Nascar Chairman Brian France Ends Lawsuit Against Former Wife

France ups pressure on Alcatel-Lucent over job cuts

France ups pressure on Alcatel-Lucent over job cuts

Megan France contended that her ex-husband delayed monthly alimony payments and failed to make a $3 million installment promised under the separation agreement. In court files, France argued that he wasnt required to pay the $3 million because his wife breached the agreement. Last month, the two agreed to end their court dispute, their lawyers say. The parties have voluntarily dismissed all pending litigation and amicably resolved all existing disputes on confidential terms that are consistent with the best interests of their children and their respective families, John Stephenson, one of the lawyers representing Brian France, wrote in an email to the Observer. There will be no further public comment about these private matters. For years, much of the legal fight was hidden from the public because a judge sealed the France file. The Observer and news partner NBC Charlotte waged a lengthy court battle to open the file, finally winning in May . The news partners argued that France had no compelling interest that supersedes the publics right to open courts and files. The unsealed documents showed that Brian Frances assets totaled more than $550 million in 2005 and that NASCAR paid him more than $9 million in 2004. The records also shone light on a contentious divorce. Brian France hired private investigators to keep an eye on his wife, the documents show. Megan France also alleged that her ex-husband threatened to financially devastate her. But the details of the recent settlement will not be made public, the lawyers said. Like many court settlements, it involves a confidentiality clause.

Brian and Megan France settle lengthy court fight

Although their divorce was final in 2007, France filed a lawsuit in September 2008 alleging that Megan broke the terms of their divorce when it came to visitation rights, the hiring of nannies and the confidentiality clause. NASCAR chairman Brian France (AP Photo) MORE: France deals with credibility crisis | Sponsor questions NASCAR’s integrity Because he contended she broke the terms of the divorce, he had withheld $6 million in payments, according to court documents. The lawsuit, filed in North Carolina District Court in Charlotte, was dismissed Sept. 26, according to the clerk of court docket database, although the actual order of dismissal wasn’t immediately available from the clerk’s office. “The parties have voluntarily dismissed all pending litigation and amicably resolved all existing disputes on confidential terms that are consistent with the best interests of their children and their respective families,” Brian France attorney Johnny Stephenson said in a statement. “There will be no further public comment about these private matters.” The case file showed the massive wealth of Brian France, who succeeded his father as Chairman and CEO of NASCAR in 2003. In 2005 at the time of their marriage — the second between them — Brian France listed assets of $554 million and loans of $26 million, according to documents in the case. He earned $9.05 million in 2004 as NASCAR chairman and CEO. As part of the divorce, Megan France kept a $3.2 million Charlotte home and a $2 million vacant lot. Megan France argued in the case that Brian was not as involved in the life of their children as he should have been and had held back payments for some prep school fees for her daughter from a previous marriage. OLDER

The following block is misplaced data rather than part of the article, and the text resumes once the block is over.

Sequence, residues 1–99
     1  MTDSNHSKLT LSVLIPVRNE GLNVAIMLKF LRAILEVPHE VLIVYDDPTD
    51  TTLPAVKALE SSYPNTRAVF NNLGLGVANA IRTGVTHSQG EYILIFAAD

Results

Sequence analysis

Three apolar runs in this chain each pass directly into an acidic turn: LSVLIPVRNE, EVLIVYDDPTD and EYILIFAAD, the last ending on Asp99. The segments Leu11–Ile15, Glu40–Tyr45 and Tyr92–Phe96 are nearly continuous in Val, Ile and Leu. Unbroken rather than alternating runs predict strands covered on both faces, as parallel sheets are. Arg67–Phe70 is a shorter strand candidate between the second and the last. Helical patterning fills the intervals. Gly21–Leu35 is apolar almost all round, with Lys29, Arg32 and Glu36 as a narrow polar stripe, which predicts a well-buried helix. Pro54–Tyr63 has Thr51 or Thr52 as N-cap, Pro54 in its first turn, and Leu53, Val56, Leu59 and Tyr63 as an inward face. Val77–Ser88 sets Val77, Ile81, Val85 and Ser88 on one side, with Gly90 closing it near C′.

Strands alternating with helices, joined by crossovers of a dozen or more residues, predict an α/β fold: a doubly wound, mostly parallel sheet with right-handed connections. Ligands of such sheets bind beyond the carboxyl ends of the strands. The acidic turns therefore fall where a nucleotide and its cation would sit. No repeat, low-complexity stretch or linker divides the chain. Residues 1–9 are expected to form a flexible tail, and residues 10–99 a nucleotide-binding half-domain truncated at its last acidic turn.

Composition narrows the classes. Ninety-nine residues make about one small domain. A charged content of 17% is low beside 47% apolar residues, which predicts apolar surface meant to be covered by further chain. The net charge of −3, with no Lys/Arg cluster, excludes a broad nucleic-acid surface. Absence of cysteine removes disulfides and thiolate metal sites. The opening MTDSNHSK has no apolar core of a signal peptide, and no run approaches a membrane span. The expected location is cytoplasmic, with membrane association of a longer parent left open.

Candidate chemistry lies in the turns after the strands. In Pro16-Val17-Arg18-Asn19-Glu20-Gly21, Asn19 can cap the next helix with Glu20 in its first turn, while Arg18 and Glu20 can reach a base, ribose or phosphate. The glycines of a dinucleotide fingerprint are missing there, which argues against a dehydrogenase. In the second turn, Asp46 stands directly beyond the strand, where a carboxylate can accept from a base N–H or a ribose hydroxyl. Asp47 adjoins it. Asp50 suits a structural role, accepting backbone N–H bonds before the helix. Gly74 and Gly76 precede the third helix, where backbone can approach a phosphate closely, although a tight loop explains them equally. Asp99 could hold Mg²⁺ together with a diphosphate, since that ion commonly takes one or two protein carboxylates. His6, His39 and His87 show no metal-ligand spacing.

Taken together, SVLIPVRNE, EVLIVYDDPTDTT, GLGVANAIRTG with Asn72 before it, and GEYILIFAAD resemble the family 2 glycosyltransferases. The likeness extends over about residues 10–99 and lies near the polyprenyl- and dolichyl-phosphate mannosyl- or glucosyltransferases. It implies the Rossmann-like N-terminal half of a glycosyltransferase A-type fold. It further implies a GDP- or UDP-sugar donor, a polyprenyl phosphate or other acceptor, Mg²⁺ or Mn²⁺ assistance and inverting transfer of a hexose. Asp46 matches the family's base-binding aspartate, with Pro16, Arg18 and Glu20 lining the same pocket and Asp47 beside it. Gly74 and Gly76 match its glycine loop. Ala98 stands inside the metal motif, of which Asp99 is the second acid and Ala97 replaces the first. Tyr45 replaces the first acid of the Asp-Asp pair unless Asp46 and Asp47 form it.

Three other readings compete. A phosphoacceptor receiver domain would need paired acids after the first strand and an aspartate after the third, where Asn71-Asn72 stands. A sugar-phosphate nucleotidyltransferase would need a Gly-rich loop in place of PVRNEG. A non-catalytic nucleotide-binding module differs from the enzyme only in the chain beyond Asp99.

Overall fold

RELATED PARIS: The French government warned telecoms equipment maker Alcatel-Lucent it could block any restructuring plans for France unless it negotiates with unions to save as many local jobs as possible. The group unveiled plans to cut a total 10,000 jobs worldwide, including 900 in France, warning the cuts were the last chance to stem years of losses and turn the company around. President Francois Hollande’s government, facing rising unpopularity over high unemployment, criticized the plans and Prime Minister Jean-Marc Ayrault suggested it could use recent labour code changes to block any moves in France. “If there is no majority agreement (with unions) the restructuring plan won’t be accepted, because the law now gives the state the responsibility to act,” Ayrault told Europe 1 radio. “We want a negotiation that saves as many jobs as possible, as many sites as possible,” he said, calling on Alcatel-Lucent to review a plan which at present foresees the closure of two sites and the possible sale of others. The stock had risen more than 80% in the three months leading up to Tuesday’s announcement and remains up around 170% since the start of the year. Under a labour law which came into force in June, the government must check to see whether any accord signed with unions adheres to regulations or not. If there is no deal, the state will proceed to an in-depth check of the company’s restructuring plan, including an assessment of whether it is appropriate given the group’s assets and economic health. Either way “if there is no approval by the administration, the company cannot fire people,” a labour ministry official said by telephone. However CGT union representative Stephane Dubled played down the government’s margin of manoeuvre, saying past experience showed governments were reluctant to get directly involved and that the new law was too recent to assess its reach. “The state has some power in as much as it decides to use it … but there hasn’t been much experience of that so far,” Dubled told Reuters.